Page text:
Image: Noose at Columbia University
A noose hangs outside a Columbia University professor's office on Thursday in New York. The NYPD's hate crime unit was examining whether the twine noose was the work of students or colleagues at odds with professor Madonna Constantine, who is black.
updated 10/10/2007 7:39:28 PM ET 2007-10-10T23:39:28

In the months since nooses dangling from a schoolyard tree raised racial tensions in Jena, La., the frightening symbol of segregation-era lynchings has been turning up around the country.

Nooses were left in a black Coast Guard cadet’s bag, at a Long Island police station locker room, on a Maryland college campus, and, just this week, on the office door of a black professor at Columbia University in New York .

The noose — like the burning cross — is a generations-old means of instilling racial fear. But some experts suspect the Jena furor reintroduced some bigots to the rope. They say the recent incidents might also reflect white resentment over the protests in Louisiana.

“It certainly looks like it’s been a rash of these incidents, and presumably, most of them are in response to the events in Jena,” said Mark Potok of the Southern Poverty Law Center, which tracks white supremacists and other hate groups. “I would say that as a more general matter, it seems fairly clear that noose incidents have been on the rise for some years.”

Symbol of terror reappears
Thousands of demonstrators, including the Revs. Jesse Jackson and Al Sharpton, converged on Jena on Sept. 20 to decry what they called a racist double standard in the justice system. They protested the way six blacks were arrested on attempted murder charges in the beating of a white student, while three whites were suspended but not prosecuted for hanging nooses in a tree in August 2006.

The noose evokes the lynchings of the Jim Crow South and “is a symbol that can be deployed with no ambiguity. People understand exactly what it means,” said William Jelani Cobb, a professor of black American history at Spelman College in Atlanta.

He said the Jena incident demonstrated to some racists how offensive the sight of a noose can be: “What Jena did was reintroduce that symbol into the discussion.”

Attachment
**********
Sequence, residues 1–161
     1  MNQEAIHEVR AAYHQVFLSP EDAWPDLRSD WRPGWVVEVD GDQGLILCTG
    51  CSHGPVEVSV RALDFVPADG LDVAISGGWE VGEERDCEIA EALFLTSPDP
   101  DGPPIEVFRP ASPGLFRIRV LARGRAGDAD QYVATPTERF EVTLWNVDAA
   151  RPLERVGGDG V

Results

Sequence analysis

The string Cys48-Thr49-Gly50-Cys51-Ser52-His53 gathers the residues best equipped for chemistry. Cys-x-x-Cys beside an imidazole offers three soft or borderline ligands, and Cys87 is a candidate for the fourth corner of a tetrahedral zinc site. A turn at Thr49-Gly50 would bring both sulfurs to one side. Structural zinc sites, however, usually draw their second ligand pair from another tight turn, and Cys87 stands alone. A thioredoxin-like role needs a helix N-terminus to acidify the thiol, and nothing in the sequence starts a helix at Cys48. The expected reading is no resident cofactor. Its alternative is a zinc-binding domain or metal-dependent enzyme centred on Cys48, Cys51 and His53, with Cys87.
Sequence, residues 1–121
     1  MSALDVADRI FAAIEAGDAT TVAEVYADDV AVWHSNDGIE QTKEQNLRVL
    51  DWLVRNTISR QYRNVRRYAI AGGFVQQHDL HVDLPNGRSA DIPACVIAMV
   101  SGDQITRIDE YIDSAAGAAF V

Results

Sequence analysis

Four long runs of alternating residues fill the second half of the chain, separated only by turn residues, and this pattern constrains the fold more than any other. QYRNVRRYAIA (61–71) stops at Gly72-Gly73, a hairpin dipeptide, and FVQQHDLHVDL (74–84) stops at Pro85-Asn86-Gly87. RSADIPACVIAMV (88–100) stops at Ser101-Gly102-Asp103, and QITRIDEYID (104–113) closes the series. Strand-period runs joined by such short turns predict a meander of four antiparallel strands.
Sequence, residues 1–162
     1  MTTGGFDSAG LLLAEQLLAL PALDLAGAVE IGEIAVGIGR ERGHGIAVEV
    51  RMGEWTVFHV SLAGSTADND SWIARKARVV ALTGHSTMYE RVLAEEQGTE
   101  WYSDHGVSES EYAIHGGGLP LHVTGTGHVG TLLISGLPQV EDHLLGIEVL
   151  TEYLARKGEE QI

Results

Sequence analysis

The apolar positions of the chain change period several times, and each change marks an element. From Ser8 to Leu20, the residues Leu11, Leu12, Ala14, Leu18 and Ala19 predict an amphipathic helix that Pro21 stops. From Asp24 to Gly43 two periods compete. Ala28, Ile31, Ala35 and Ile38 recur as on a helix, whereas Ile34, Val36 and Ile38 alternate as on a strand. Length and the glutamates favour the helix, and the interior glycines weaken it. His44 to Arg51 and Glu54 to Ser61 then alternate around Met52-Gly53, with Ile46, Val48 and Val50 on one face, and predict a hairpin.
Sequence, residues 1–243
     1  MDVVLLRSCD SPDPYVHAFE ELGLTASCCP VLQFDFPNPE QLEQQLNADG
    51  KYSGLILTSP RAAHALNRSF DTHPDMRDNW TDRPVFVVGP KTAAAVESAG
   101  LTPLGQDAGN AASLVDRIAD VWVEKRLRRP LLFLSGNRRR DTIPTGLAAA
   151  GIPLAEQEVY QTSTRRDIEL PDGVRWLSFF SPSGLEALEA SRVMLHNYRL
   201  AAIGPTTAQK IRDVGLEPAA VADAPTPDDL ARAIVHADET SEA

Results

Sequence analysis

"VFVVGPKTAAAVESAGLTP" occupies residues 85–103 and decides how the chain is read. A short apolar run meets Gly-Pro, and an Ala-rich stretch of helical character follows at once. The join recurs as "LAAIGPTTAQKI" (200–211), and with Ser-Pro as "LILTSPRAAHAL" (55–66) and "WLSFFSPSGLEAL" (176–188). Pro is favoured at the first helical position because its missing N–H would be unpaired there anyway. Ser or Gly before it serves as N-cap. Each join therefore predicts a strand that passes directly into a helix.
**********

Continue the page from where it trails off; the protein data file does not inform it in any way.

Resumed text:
Though the terror of the civil rights era is gone, the association between nooses and violence — even death — remains, Potok said.

“The noose is replacing the burning cross in the mind of much of the public as the leading symbol of the Klan,” Potok said.

Potok dismissed the idea that the placing of a noose could be interpreted as a joke, even among people born after the end of segregation.

“I think that it’s true that most of these kids don’t know much about civil rights history,” he said. “But every single one of them understands what a noose means at the end of the day.”

Sightings beyond Jena
As word of the Jena case began circulating, reports of similar incidents arose.

In July, a noose was left in the bag of a black Coast Guard cadet aboard a cutter. A noose was found in August on the office floor of a white officer who had been conducting race-relations training in response to the incident.

In early September, a noose was discovered at the University of Maryland in a tree near a building that houses several black campus groups.

On Sept. 29, a noose appeared in the locker room of the Hempstead, N.Y., police department, which recently touted its efforts to recruit minorities.

On Oct. 2, a noose was seen hanging on a utility pole at the Anniston Army Depot in Alabama.

Last week, the president of historically black Grambling State University in Louisiana announced he would seek sanctions against five teachers who participated in a lesson on race relations that included placing a noose around the neck of a child at a mostly black on-campus elementary school.

Video: Lynching lesson The Columbia incident involved a black professor of psychology and education, Madonna Constantine, who teaches a class on racial justice.

The Columbia investigation also follows the arrest on Sunday of a white woman on hate-crime charges alleging she hung a noose over a tree limb and threatened a black family living next door in New York City. The two incidents were “the first noose cases in recent memory” in the city, said Deputy Inspector Michael Osgood, commander of the police Hate Crime Task Force.

Not that the use of nooses for racial intimidation is a new phenomenon.

In 2002, white employees at a Texas industrial company put a noose around a black co-worker’s neck. Charles Hickman sued and was awarded more than $1 million last year.

Potok said the recent noose incidents could represent white backlash over the demonstrations in Jena.

“We’re seeing a lot of generalized white resentment,” he said. “The conversation among many white people, particularly in the South, amounts to the idea that Jena was a black-on-white hate crime that is being widely misconstrued as a case of racial oppression of blacks.”

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